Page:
Tunnel pasta with fresh peas and piquant cheese

I thought of this recipe with Peter, the photographer whose pictures grace all these pages (and the pages of the book), in mind. Peter loves peas. Peter loves pasta. Peter loves cheese. And we all should too. 

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Tunnel pasta with fresh peas and piquant cheese

  • large, fun pasta with some kind of tunnel, like rigatoni
  • fresh shelling peas
  • a knob of butter
  • a pinch of flour
  • a few tablespoons of milk
  • some kind of piquant dairy—labneh, plain greek yogurt, live culture yogurt mixed with cream cheese, creme fraiche, kefir cream, the list goes on
  • parmesan or pecorino
  • black pepper
  • white wine, to taste
  • white pepper, to taste

Prep the peas a while before you are going to cook– preferably when you're not that hungry. Sit outside and shell them while listening to the birds and neighborhood animals. 

Cook your pasta in a deep, wide pan. Salt the water generously, and with this recipe (and all recipes with large, potentially gummy pastas): add a splash of oil. 

For the peas: either cook them in the pasta water before the pasta, removing immediately with a slotted spoon when they rise to the surface (only about 30 seconds), then dropping into a bowl of cold water. Or, another trick I like to do with peas: Place the peas in a pyrex measuring cup. Put the kettle on as if you are going to make tea; maybe do make tea. Pour the boiling water over the peas and let stand for 5 minutes. Remove, refresh with cold water, and let sit until you’re ready for them.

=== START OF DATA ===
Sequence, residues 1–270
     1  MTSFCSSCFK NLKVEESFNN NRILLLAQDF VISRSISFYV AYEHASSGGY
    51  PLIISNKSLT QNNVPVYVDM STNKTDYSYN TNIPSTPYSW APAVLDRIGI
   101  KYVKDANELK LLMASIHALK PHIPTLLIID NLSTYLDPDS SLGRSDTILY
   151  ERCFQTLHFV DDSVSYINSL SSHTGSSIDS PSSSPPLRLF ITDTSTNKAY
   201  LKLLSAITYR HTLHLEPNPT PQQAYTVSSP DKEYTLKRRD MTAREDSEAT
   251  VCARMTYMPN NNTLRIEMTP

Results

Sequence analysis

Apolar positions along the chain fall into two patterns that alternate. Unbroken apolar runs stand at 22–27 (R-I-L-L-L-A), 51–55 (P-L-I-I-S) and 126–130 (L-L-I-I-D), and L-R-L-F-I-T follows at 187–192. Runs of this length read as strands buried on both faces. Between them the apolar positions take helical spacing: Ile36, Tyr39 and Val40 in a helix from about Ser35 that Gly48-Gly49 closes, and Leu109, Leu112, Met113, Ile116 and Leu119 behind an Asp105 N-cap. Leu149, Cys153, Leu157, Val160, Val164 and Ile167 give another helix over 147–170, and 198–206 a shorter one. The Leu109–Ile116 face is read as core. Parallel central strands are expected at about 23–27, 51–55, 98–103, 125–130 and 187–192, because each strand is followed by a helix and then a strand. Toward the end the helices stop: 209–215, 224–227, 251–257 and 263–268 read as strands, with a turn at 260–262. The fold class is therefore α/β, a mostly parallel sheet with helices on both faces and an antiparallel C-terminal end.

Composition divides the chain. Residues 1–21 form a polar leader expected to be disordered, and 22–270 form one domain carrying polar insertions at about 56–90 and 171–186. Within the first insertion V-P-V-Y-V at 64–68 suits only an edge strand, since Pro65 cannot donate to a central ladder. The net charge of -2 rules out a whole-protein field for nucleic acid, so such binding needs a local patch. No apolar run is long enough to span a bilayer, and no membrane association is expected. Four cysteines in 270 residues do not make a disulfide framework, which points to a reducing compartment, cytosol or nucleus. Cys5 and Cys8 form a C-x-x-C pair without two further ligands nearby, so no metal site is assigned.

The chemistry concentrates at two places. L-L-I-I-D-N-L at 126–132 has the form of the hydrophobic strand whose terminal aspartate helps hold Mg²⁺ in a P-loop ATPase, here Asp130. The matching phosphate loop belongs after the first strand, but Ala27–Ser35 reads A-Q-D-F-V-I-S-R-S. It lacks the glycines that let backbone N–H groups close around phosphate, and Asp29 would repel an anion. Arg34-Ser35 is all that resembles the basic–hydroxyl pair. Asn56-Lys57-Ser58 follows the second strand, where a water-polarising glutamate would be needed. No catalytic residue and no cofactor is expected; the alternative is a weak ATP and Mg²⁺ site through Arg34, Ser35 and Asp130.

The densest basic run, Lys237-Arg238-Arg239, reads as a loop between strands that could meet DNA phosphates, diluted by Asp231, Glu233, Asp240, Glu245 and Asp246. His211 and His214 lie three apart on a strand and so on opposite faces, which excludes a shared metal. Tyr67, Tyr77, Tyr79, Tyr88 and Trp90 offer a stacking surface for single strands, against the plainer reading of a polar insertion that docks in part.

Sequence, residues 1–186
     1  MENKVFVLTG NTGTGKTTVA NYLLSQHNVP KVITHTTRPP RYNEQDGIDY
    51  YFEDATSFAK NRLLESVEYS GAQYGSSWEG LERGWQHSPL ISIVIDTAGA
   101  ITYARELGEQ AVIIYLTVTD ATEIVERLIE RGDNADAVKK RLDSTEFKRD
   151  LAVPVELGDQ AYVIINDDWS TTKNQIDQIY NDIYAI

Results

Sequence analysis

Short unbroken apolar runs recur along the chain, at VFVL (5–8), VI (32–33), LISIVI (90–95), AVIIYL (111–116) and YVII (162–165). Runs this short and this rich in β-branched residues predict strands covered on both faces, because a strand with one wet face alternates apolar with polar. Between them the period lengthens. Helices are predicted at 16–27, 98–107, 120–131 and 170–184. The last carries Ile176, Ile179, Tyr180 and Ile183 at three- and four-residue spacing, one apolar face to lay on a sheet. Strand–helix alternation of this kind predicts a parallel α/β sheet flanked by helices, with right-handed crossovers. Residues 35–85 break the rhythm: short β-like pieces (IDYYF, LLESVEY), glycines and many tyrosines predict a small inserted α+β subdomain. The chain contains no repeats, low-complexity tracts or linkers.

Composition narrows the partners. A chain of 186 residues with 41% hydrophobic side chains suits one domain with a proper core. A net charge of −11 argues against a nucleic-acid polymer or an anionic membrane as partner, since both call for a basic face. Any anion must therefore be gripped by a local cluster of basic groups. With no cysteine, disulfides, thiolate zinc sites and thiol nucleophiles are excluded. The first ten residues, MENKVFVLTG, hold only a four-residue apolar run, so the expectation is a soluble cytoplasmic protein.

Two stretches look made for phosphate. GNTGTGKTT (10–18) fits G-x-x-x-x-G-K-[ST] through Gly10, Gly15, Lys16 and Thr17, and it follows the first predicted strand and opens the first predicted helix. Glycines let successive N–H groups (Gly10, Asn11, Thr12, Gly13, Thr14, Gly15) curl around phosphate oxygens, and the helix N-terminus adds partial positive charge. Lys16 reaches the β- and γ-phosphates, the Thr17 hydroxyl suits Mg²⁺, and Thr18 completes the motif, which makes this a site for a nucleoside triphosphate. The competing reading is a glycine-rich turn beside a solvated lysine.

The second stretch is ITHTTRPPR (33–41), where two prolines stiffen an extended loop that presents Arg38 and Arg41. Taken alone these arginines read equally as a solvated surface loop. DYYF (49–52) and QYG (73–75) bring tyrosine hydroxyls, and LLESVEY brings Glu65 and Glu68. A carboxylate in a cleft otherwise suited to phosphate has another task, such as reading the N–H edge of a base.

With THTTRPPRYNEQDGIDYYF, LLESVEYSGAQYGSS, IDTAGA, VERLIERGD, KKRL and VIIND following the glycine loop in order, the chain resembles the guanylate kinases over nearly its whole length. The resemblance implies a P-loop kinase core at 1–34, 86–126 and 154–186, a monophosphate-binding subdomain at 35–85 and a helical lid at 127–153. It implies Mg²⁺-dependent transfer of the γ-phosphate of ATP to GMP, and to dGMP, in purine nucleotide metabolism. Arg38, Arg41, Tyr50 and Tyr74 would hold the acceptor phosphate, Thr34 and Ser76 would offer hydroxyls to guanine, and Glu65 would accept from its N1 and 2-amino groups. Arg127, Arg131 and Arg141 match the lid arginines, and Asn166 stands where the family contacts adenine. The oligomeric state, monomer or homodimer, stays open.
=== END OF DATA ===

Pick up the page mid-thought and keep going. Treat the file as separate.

In a small saucepan, melt your butter over medium heat. Add the pinch of flour, stir with a whisk, add the bit of milk, stir vigorously. When the mixture is smooth and uniform, add your piquant dairy in the quantity you desire based on taste.. Maybe you want white pepper or a drop of white wine in there, too. Depending on the dairy, it may need more or less parmesan or pecorino thrown in last minute. Be sure to taste as you go. Cook on low for 5-10 minutes until there are no traces of raw flour in your tastings.

When the sauce is perfect and the peas are done, the pasta should be done too. Those large tunnel pastas do take longer than most, so taste a few pieces before declaring the pot ready. Drain and arrange on your plate. Drizzle the pasta with a little olive oil. Add half the sauce, add half the peas. Toss, making sure many peas get into the tunnels of the pasta. Add the remaining sauce and peas, sprinkle with a tasty herb of your choice (salad burnet, if you can get your hands on it, is particularly good, parsley is classic). Eat, either with gusto or in slow contemplation. 

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